All devices on a site that communicate through BACnet/SC must have a certificate signed by one of the two CAs that are trusted by other devices on the site.

What is the difference between a certificate chain or trust chain and a signing certificate?

When a CA generates each operational certificate, it will likely include all the certificates that make up a certificate chain, starting with a trust anchor or root certificate. For example, a CA has a certificate chain that starts with MyRootCA and this is used to sign MyIntermediateA, which in turn is used to sign MyIntermediateB. MyIntermediateB is then used to sign all the BACnet/SC operational certificates. In this example, MyIntermediateB is considered the signing CA for each BACnet/SC operational certificate and is the CA that would be loaded onto every device. The rest of the certificates in the trust chain would be ignored.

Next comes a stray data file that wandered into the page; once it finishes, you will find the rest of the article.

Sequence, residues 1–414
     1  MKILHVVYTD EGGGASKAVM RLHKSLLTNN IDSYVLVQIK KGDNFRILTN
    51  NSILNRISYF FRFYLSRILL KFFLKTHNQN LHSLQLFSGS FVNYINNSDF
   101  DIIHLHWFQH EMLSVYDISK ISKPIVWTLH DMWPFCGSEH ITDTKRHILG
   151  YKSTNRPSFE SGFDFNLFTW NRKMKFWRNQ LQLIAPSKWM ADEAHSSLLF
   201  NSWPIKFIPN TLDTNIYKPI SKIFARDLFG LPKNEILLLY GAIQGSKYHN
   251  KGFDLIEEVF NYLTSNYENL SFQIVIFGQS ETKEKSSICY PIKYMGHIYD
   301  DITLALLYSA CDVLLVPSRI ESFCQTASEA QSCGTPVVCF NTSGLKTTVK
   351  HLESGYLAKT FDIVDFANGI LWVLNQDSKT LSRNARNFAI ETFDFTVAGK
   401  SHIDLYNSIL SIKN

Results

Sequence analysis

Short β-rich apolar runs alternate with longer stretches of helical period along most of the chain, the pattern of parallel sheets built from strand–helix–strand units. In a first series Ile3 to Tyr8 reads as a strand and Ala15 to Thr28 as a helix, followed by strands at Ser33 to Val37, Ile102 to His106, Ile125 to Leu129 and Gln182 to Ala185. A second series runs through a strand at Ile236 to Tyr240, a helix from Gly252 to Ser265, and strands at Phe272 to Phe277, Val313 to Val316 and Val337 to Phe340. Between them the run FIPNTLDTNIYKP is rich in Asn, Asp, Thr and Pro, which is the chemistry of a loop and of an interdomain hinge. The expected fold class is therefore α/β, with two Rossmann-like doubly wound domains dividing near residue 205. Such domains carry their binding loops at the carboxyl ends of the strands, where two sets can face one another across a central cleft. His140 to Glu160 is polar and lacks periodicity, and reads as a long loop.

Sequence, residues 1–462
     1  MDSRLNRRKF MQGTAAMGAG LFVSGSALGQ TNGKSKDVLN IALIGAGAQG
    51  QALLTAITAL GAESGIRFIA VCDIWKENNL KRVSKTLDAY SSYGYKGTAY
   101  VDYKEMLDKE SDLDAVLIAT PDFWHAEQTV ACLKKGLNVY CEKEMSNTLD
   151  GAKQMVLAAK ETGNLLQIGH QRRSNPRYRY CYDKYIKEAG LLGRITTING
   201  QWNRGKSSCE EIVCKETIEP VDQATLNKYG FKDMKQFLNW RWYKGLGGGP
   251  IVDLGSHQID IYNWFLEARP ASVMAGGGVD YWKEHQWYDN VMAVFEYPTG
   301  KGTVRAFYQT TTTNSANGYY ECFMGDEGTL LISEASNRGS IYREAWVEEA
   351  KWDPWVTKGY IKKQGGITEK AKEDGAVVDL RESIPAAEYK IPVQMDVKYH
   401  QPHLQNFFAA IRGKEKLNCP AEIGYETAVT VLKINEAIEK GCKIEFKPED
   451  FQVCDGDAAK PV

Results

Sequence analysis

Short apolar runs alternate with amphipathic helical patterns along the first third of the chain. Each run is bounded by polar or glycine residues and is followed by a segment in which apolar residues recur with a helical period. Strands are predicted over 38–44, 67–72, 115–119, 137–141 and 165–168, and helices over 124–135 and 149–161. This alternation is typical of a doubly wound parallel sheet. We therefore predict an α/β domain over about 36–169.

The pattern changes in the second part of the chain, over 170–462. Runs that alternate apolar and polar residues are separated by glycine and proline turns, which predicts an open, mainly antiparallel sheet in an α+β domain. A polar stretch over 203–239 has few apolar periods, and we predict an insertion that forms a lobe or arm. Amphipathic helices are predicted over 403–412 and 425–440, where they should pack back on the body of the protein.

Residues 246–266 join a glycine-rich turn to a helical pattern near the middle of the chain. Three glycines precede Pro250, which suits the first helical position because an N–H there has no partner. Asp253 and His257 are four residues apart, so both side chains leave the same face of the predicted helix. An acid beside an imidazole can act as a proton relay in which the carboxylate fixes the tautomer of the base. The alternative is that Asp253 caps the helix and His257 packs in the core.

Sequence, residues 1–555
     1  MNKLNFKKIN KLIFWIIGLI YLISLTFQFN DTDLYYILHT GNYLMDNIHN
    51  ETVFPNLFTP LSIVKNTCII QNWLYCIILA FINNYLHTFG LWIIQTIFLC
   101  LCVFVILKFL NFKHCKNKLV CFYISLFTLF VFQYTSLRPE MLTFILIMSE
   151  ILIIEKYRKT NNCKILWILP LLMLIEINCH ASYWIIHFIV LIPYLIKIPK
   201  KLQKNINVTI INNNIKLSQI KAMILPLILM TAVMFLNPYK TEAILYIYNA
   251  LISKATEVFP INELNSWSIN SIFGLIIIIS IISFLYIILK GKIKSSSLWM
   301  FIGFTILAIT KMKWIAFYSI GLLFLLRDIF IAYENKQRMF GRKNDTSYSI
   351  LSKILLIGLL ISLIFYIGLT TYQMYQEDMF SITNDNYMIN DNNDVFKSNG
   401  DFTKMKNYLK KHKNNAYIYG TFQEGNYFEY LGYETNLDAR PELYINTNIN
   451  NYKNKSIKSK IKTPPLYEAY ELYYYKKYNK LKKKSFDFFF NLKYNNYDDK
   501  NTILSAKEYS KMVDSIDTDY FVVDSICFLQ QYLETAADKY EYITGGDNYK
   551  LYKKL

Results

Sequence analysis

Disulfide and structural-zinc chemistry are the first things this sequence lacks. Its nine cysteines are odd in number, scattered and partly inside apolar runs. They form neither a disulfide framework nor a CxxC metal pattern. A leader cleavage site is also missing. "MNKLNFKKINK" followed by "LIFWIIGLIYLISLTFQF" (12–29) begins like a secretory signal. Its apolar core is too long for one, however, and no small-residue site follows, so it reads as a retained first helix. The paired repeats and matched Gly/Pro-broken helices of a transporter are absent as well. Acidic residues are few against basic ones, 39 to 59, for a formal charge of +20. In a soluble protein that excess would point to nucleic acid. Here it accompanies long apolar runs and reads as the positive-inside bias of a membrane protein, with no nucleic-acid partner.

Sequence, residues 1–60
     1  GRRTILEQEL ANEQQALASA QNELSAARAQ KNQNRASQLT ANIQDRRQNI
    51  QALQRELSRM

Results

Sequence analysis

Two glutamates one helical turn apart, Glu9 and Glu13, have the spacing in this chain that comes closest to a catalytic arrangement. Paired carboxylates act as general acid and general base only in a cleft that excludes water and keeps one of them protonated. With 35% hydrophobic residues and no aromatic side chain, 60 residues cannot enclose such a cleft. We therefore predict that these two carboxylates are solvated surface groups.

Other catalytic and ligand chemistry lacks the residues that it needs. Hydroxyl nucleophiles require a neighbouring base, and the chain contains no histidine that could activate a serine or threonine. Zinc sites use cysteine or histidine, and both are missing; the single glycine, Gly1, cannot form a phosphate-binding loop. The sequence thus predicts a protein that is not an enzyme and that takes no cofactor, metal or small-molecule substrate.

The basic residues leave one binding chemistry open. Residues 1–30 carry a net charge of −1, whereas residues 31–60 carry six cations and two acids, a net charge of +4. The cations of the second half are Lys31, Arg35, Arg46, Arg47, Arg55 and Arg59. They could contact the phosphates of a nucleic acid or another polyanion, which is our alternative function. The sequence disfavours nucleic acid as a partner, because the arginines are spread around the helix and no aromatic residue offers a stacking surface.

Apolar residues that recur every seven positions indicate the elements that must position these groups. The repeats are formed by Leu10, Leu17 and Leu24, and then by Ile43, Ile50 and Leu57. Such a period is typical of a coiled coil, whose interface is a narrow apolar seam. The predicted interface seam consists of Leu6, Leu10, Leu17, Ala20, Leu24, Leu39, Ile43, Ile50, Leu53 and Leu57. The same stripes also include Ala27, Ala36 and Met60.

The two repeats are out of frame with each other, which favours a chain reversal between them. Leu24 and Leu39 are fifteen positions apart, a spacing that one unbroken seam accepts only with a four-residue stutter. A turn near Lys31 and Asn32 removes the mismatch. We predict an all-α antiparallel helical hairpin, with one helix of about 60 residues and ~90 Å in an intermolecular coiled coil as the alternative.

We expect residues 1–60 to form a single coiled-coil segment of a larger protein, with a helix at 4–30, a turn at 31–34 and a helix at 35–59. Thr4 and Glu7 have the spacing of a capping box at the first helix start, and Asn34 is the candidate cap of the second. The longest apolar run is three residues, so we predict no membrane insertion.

Each operational certificate issued contains the Common Name of the issuer or signing CA. You can decode an operational certificate with a number of different tools available to see the issuer information. In this way, you can distinguish the issuing or signing certificate from possibly multiple CA certificates that make up a chain.

What needs to be in the import .zip file of operational certificates?

When you receive operational certificates from the IT department they may not be packaged in a way that enables you to directly use the Import functionality in the BACnet/SC Management feature. The basic requirements are that the certificates must be in .pem format and that the issuing or signing certificate that signed them must be present in the .zip file. You can assemble the operational certificates in the .zip file to ensure a successful import:
  • If each operational certificate is in a .pem file that includes the certificate trust chain (operational certificate must be first in the file followed by its issuer followed by each subsequent issuing certificate until the root), you can place these operational certificate files directly in the .zip file that you want to import. The import functionality automatically determines which is the signing CA and loads that into each device along with its operational certificate. The rest of the trust chain is ignored.